Why should I use multimedia materials, when I have so much else to worry
Multimedia materials deliver language content through a combination
of sounds and images. The use of pictures, photos, graphics, animation,
colour and music has great novelty effect for students. Their attention
is more easily foccussed. Perhaps more importantly, MM products for
language learning are designed so that students manipulate the language
in much the same way as they manipulate icons in computer games. This
gives them interactive independence. The activities are all under their
control. They work alone, manipulating, repeating, practising and trying
out their ideas.
Oh, right! But how does this help me, the teacher?
In two very important ways! First, it lessenes the burden on the teacher,
and second, it facilitates the cognitive processes necessary for language
learning, so that learning becomes more efficient and more effective!
Can you be more specific?
Yep! There are four stages in the learning process: input, noticing,
intake and output! Input is the process where the students recieve new
language material from their teacher, their environment or the textbook.
Noticing is what we hope they do when presented with the new material.
They need to be paying conscious attention to the information. Intake
is the process of working with the new material, practising it, repeating,
making errors, correcting themselves and so on and output is when they
use the new language in some way.
That sounds good, but this process often breaks down, surely? My students
are simply not motivated.
Exactly! Si this is when MM materials can help to keep student motivation
Please explain, I am not reallly convinced!
With pleasure! Imagine you wish to teach your 3º ESO students the
difference between the present simple and the present continuous and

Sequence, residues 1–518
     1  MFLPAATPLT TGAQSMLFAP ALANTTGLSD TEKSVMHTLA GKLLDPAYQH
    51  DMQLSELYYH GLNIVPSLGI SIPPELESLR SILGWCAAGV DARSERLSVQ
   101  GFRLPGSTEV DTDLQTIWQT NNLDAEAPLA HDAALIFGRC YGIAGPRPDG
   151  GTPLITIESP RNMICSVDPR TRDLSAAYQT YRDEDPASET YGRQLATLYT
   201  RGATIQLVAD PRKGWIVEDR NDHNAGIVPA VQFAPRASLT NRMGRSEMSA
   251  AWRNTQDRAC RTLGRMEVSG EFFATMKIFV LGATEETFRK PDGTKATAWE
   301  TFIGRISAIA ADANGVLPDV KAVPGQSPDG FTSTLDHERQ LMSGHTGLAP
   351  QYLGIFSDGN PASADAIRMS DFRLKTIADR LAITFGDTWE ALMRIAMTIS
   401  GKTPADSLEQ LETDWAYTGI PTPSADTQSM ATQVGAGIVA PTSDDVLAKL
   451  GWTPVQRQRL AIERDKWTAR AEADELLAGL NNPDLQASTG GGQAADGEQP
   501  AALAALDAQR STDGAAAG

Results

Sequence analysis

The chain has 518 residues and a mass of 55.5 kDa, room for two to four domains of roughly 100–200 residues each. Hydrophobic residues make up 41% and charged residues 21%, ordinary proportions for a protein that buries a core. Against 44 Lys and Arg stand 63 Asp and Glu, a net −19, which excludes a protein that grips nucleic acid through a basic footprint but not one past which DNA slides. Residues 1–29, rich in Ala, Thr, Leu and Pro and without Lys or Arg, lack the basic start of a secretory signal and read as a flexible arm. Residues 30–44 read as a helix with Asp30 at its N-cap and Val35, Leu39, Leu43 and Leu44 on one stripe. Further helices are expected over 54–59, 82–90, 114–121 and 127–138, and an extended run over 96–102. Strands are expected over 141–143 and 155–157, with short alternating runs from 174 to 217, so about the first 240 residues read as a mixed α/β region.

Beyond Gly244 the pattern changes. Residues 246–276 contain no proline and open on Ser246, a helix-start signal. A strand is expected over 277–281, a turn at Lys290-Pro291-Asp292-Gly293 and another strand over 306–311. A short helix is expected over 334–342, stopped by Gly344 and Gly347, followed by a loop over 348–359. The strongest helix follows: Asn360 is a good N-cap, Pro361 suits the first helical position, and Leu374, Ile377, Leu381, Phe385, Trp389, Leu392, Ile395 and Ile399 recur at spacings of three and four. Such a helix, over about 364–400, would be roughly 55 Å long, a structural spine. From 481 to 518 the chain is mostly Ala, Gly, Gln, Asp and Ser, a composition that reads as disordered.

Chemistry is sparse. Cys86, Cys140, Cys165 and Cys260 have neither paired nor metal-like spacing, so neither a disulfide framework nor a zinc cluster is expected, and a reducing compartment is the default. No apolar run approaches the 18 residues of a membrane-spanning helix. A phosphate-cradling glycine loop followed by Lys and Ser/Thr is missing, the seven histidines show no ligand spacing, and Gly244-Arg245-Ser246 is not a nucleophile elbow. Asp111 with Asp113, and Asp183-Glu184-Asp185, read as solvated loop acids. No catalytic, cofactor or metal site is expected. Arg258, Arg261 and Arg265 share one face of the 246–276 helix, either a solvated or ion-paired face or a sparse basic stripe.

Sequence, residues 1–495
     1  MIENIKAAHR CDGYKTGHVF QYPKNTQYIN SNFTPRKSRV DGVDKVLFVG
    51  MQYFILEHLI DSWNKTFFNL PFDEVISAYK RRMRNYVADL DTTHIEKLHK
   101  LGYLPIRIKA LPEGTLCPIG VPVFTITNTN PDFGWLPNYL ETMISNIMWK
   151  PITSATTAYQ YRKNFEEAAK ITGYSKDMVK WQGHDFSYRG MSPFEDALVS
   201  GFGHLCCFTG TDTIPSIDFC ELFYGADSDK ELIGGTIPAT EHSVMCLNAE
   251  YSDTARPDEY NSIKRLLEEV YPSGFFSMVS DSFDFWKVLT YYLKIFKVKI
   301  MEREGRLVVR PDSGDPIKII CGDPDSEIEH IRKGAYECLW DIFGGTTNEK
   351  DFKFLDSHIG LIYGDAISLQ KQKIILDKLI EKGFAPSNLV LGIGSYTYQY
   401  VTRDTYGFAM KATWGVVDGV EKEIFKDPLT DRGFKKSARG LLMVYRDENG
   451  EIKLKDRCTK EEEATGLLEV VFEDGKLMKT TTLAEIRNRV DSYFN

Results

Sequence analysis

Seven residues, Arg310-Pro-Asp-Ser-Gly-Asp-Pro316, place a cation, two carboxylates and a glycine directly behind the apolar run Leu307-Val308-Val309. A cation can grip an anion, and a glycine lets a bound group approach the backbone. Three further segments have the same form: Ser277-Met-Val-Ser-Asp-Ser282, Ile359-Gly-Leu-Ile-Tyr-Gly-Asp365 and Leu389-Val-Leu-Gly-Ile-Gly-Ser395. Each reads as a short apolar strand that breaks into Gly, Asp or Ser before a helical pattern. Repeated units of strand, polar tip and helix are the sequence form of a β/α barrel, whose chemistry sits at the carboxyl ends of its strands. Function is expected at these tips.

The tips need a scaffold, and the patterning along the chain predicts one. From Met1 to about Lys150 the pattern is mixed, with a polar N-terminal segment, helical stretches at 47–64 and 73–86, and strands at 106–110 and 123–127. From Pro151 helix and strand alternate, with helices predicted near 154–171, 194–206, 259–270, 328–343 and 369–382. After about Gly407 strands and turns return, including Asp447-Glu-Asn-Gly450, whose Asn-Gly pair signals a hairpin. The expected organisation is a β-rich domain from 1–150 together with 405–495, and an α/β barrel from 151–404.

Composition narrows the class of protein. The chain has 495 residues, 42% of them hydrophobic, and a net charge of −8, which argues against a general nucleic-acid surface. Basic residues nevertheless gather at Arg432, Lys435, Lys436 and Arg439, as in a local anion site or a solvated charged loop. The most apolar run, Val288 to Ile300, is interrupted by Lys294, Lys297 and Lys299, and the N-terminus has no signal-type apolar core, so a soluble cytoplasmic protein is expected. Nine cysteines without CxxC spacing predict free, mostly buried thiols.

in particular adverbs of frequency. Longman's Round-up 3* presents these
structures by means of a beautiful illusatrated, fill-in-the-gap story.
Adverbs of frequency arw highlighted in different colours and students
choose and click on the correct verb forms, which then appear in the
gaps. All the important conceptual clues are provided by the picture,
the colours are stimulating and cheerful, the highlighting makes the
key points salient and noticeable to the students. All manipulation
is under the student's own control. He gets immediate feedback on each
answer so he may try again if his answer is incorrect. He can use the
dictionary or ask for help by clicking on an icon, he can go back to
the previous exercise for clarification and he can save his score at
the end of the exercise.
Well, it's true! That does sound useful. But aren't these materials
only good for the practise stage or should I say intake stage? Can I
present or input new language with MM material, too?
Yes you may, there are other products that present and practice, general
English cousrses for example that present language by means of digital
video clips with subtitles offering meaning-focussed tasks and follow-up
exercises. At the present time however, and for uou porpuse in compulsory
education, it seems to make more sense that we supplement pour tried
and true textbooks with MM materials.
Ok, and what do you think about language games? Aren't these just fun
and not very serious?
No, of course not, we are talking about those that have been professionally
developed based on a sound pedagogial foundation. In fact, there is
now some important research evidence that shows that the language learning
is in fact more efficient and effective with the use of MM materials.
The key, I believe, is to spend a little time familiarising yourself
with these products and it will become clear very quickly how helpful
they can be for both the teacher and the student and how they can be
added to the curriculum and inseted into the timetable.
Great! If it's good for my students and I, then it's certainly worth
a try! Thanks!